I say Holi, you say One yelled the DJ and the crowd shouted back with equal enthusiasm. So this was my first Holi festival of colour. In fact, it was my first festival of any description. Had I left it too late? Having just taken early retirement from work, I was amused to take a phone call from one of our neighbours the evening before. She informed me they would be having a wedding party “glamping” over the weekend and she wanted to apologise in advance for any noise. She was at pains to stress the couple weren’t youngsters and any music they were having would not be loud and thumping. I told her that was a shame as I was heading for London the next morning where there would be a lot of loud, thumping music. I love her dearly, but I could see she didn’t see the funny side, so I wished them well and carried on with my preparations.
I had already packed my rucksack with the camera and everything needed to clean it during the day. Laid out next to the bed were a pair of trousers that had seen better days, a white T-shirt (which is traditional – arrive in pristine white and go home colourful) and my old travelling hat. As an afterthought I also added an old newspaper, which came in handy on my way home…
My wonderful husband dropped me off at the station and I bought a travel card for Wembley Park. It took nearly two hours to reach my destination, but as soon as I got off the Tube I could see I was in the right place by the number of similar white-clad party-goers all heading towards the Wembley arch. I wish the actual venue had been as inspiring as it sounds, but the festival was actually held in a cordoned off car park in the shadow of the new stadium. I say “shadow”, but it was one of the hottest days of the summer and there was no shade to be found. Only the heat being reflected back from the tarmac. I wasn’t there for the venue though and once the powder throws began, I didn’t expect to see much of the background anyway.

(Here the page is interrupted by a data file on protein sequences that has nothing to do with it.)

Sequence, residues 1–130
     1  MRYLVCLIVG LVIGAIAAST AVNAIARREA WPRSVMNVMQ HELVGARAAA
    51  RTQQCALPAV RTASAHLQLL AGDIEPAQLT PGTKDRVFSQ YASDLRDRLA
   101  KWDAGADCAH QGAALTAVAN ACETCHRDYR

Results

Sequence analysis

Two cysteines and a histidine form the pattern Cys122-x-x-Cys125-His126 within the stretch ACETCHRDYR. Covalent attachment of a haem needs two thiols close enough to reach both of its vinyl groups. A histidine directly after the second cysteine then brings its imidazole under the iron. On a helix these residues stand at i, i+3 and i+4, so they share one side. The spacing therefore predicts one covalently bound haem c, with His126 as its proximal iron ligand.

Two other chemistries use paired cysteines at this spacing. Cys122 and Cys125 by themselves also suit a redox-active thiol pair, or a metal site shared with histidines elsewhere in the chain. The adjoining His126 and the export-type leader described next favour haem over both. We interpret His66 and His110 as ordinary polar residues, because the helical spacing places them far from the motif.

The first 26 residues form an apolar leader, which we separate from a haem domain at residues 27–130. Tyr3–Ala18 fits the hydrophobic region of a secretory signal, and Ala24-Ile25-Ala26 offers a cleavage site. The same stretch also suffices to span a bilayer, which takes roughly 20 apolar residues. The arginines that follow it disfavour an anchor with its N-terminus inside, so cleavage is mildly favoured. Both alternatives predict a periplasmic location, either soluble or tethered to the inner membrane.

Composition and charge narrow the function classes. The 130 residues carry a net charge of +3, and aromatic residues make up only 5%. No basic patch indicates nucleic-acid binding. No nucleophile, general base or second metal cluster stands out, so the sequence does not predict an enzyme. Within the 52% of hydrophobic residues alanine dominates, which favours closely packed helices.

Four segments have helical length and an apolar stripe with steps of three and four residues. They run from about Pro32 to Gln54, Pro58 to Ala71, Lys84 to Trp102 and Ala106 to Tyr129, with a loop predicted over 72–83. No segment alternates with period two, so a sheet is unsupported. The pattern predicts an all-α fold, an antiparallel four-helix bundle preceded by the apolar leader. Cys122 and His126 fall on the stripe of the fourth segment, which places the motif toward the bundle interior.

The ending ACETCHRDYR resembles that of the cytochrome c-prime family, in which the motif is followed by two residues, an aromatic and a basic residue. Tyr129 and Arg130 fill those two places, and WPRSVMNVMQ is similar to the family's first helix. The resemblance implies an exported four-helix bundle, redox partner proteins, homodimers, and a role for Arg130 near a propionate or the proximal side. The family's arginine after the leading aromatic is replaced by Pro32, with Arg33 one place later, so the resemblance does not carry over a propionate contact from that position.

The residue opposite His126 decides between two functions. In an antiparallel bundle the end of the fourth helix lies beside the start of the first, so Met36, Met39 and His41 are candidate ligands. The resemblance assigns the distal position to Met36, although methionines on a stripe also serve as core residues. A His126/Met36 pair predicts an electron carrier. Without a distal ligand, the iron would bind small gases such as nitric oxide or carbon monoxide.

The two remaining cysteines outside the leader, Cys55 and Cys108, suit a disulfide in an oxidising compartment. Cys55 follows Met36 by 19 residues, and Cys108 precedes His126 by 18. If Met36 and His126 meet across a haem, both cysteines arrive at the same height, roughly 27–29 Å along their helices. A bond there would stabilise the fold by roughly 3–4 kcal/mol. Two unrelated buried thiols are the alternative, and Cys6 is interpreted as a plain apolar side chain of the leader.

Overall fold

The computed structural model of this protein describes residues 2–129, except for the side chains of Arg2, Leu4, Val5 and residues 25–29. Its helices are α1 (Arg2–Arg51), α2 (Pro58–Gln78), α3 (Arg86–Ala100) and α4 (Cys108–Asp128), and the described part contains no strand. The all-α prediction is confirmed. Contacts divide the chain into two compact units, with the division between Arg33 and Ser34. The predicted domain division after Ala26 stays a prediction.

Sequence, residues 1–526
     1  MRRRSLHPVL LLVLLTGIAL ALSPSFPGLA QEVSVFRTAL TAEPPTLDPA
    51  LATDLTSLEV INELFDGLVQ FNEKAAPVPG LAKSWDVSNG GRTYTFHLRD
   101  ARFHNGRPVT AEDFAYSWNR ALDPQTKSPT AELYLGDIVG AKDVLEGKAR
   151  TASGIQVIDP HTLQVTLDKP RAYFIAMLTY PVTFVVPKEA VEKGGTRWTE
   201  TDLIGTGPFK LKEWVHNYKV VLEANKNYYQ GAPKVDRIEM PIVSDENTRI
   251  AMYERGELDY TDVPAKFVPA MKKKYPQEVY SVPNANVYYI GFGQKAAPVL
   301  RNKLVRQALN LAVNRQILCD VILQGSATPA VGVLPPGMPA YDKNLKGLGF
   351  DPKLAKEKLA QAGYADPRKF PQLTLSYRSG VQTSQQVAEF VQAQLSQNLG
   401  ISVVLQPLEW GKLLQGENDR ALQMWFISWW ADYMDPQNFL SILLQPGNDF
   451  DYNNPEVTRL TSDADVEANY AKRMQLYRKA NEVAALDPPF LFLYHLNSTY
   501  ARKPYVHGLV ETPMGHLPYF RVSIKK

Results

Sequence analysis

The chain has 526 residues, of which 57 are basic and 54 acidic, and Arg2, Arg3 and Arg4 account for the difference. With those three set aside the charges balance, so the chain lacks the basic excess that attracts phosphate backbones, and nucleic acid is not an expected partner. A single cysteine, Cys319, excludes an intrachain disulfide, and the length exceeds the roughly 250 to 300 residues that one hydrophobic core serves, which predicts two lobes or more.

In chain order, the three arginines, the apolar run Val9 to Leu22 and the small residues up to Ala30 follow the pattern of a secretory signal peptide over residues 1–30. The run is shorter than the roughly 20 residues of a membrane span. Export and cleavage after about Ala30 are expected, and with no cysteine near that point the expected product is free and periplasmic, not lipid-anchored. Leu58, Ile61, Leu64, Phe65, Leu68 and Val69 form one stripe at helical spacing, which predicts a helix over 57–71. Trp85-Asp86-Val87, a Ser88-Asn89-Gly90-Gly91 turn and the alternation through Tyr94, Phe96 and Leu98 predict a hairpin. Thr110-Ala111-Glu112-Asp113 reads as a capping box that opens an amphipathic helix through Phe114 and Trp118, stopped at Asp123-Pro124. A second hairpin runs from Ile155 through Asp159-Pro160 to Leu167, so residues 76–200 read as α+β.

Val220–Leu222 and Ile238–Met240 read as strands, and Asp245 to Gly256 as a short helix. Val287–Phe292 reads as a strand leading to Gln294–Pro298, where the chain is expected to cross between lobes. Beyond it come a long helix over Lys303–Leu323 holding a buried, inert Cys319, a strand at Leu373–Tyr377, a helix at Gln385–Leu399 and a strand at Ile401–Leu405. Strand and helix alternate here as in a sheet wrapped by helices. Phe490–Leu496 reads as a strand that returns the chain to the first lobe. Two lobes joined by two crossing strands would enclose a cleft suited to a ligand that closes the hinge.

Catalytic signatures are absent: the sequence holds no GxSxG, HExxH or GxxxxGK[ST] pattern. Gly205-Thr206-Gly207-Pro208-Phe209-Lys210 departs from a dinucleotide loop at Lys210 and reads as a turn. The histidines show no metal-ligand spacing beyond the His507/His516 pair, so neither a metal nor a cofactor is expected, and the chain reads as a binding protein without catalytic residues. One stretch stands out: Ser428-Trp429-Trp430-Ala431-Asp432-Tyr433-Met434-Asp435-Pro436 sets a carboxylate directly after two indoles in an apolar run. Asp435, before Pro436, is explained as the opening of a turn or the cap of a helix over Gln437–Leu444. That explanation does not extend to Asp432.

They must have waited a couple of hours for the crowd to build before the first throw. Until then, groups amused themselves by testing some of the powder. The more ingenious had brought water pistols, or simply mixed their powder with water in empty bottles. Although I didn’t take a direct hit for some time, I was soon coated in a thin layer of colour, with a few spatterings of paint where I hadn’t moved out of the way quickly enough. It was all in good fun though and much later on, I was cuddled by a complete stranger who commented on my lack of decoration. I told him it was because I was on my own and in a kind gesture to make me feel included, he pulled out a bag of purple dust and covered me from head to toe.
And so it was that I travelled home like that (with a few more colours thrown in for good measure) about an hour later. As I boarded the Tube heading back to London Bridge, the elderly lady opposite couldn’t take her eyes off me. As if it was the most normal thing in the world, I opened up my rucksack, pulled out the newspaper and laid it over the seat before sitting down carefully. I smiled at her and she looked away quickly. By the time I got to London Bridge the train was full to bursting, but I had no trouble getting a clear space to the door. I’m sorry to say that I still left a small circle of orange powder where I had been sitting, but in my defence I can only say that it washes out easily.
My husband wasn’t taking any chances with the car and had completely covered the passenger seat with a large tarpaulin. If you are interested in how the camera fared, then catch my next blog post!
Girl with the Sunglasses
Pretty in Pink